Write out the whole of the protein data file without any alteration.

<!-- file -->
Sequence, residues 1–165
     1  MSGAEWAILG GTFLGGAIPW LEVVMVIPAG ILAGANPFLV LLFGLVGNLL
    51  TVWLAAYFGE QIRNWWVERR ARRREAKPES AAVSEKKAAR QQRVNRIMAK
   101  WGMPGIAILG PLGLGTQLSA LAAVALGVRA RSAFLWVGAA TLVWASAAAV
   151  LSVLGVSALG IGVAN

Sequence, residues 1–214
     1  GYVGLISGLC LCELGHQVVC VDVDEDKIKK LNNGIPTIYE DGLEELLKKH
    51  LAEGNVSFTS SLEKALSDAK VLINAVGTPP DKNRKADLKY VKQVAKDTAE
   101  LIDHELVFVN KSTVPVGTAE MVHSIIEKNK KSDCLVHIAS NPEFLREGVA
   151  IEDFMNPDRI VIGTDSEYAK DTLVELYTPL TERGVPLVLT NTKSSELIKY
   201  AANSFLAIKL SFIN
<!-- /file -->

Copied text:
Sequence, residues 1–165
     1  MSGAEWAILG GTFLGGAIPW LEVVMVIPAG ILAGANPFLV LLFGLVGNLL
    51  TVWLAAYFGE QIRNWWVERR ARRREAKPES AAVSEKKAAR QQRVNRIMAK
   101  WGMPGIAILG PLGLGTQLSA LAAVALGVRA RSAFLWVGAA TLVWASAAAV
   151  LSVLGVSALG IGVAN

Sequence, residues 1–214
     1  GYVGLISGLC LCELGHQVVC VDVDEDKIKK LNNGIPTIYE DGLEELLKKH
    51  LAEGNVSFTS SLEKALSDAK VLINAVGTPP DKNRKADLKY VKQVAKDTAE
   101  LIDHELVFVN KSTVPVGTAE MVHSIIEKNK KSDCLVHIAS NPEFLREGVA
   151  IEDFMNPDRI VIGTDSEYAK DTLVELYTPL TERGVPLVLT NTKSSELIKY
   201  AANSFLAIKL SFIN